• lovingboth says:

      And this:

      The system is capable of breaking down pretty much anything except nuclear waste, the isotopes of which are indestructible.

      • mackys says:

        Yeah, I was gonna say:

        "So, we can shove all those twisted steel i-beams from ground zero into the thing and make energy?"

      • giantlaser says:

        Plasma arcs shatter molecules, which is a simple chemical/energy process. They don't shatter atoms, which is nuclear fission. Well, they could, but that's not the point.

        The system is capable of breaking down any molecule into elements. You are still going to get dangerous elements if they existed as part of the input trash - such as chlorine, fluorine, and also radioactives. But handling those is still a lot better than handling dangerous hydrocarbon, chains, chlorine compounds, etc.

        I imagine a future where we burn all the trash, using it to generate power. 50 years later, so much of our power needs are met by trash that we have demands to keep waste production high.

    • carus_erus says:

      A simple way to test it: Set up an alternative garbage dump where you take garbage for free, and see if you turn a profit.

      • zarex says:

        Yep. Let's see if they actually do that, or continue to search for grants and investors perpetually.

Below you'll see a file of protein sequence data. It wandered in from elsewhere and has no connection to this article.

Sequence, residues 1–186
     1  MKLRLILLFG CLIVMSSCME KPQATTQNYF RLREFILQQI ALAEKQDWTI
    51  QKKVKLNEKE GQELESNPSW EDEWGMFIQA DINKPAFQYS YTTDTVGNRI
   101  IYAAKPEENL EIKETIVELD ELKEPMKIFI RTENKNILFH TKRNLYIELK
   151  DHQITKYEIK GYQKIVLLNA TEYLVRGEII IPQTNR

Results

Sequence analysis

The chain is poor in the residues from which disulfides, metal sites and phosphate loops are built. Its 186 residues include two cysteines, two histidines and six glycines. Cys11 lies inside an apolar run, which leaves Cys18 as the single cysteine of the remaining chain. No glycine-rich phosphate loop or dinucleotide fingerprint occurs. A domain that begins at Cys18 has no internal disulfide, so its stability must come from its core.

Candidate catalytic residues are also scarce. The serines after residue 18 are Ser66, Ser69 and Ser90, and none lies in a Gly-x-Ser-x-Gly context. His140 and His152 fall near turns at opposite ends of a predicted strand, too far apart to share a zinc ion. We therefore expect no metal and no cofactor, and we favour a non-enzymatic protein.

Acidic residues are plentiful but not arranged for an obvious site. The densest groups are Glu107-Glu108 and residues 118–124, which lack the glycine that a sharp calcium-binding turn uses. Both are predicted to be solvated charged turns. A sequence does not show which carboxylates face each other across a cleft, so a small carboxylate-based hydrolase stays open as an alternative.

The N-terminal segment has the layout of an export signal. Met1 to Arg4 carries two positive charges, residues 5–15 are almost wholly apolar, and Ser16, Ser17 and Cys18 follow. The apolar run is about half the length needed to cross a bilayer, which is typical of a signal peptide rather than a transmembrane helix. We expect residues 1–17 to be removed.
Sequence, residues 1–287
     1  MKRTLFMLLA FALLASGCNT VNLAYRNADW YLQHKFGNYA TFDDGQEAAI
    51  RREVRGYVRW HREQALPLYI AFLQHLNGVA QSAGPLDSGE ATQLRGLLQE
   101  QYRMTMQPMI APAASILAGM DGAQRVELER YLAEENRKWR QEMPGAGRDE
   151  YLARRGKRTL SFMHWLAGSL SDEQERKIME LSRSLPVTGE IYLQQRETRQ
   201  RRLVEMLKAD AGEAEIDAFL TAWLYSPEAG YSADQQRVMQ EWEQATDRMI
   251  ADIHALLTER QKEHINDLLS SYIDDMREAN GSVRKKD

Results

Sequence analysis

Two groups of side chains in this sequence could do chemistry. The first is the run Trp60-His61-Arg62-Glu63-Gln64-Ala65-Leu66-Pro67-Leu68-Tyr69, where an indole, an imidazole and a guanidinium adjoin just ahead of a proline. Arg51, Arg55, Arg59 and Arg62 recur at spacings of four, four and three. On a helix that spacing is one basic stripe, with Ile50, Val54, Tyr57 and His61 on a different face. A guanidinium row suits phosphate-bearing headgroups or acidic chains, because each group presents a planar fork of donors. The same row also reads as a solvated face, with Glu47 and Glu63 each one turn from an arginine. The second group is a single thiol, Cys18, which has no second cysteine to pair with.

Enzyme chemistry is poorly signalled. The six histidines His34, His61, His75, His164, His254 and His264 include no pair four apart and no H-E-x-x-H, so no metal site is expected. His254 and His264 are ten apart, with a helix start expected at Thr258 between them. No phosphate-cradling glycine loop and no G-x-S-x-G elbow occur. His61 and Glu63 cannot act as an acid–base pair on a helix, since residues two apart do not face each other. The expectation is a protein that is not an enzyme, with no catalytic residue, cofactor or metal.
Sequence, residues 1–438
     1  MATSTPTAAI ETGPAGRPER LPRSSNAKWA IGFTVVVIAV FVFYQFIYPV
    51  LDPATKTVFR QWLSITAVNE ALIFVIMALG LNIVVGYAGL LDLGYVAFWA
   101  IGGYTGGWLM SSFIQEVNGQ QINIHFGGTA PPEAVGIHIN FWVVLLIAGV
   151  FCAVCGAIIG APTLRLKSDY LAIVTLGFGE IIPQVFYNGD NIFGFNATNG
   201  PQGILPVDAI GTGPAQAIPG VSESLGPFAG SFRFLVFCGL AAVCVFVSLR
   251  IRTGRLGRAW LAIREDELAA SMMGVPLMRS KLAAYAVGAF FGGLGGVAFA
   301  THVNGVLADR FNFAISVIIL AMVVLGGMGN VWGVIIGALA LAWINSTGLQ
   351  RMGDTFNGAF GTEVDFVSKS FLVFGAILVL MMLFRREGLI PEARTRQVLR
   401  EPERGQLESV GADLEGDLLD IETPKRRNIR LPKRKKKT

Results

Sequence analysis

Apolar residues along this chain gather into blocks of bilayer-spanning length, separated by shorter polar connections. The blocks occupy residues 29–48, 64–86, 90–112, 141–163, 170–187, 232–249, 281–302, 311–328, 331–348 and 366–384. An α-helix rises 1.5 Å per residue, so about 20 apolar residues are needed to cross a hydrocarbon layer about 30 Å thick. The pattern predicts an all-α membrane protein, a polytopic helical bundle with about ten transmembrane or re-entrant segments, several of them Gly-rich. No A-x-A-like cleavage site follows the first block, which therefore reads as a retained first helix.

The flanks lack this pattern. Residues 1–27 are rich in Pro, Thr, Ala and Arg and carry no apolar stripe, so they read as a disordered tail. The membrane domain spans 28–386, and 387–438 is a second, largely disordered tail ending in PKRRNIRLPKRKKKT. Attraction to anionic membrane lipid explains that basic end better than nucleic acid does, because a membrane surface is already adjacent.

• spoonyfork says:

          Indeed. A chance to make millions with just a business plan and an "alternative" yet thousands year old energy technology. Are dotcom booms cyclical now?

  6. knowbuddy says:

    There are at least some people that believe the garbage incinerators are a very bad hoax:

  7. mikesol says:

    For a long time, I've been telling people that if they want to make a killer speculative purchase of some real estate, a former landfill site would be it.

    See, it won't be too long before we have nanomachines that are sufficient to dig into a pile of garbage with orders to retrieve amounts of specific materials and return them for collection. What better source of material than a dump? Every possible useful element and compound is going to be in there somewhere, and if you pump enough nanomachines in finding what you want is going to be easy.

    • pozorvlak says:

      That's the good scenario, certainly... but whether the actual digging is done by nanobots or ragged, starving children, I reckon that landfill mining is going to be a major economic activity of the late 21st/early 22nd century, and possibly even sooner.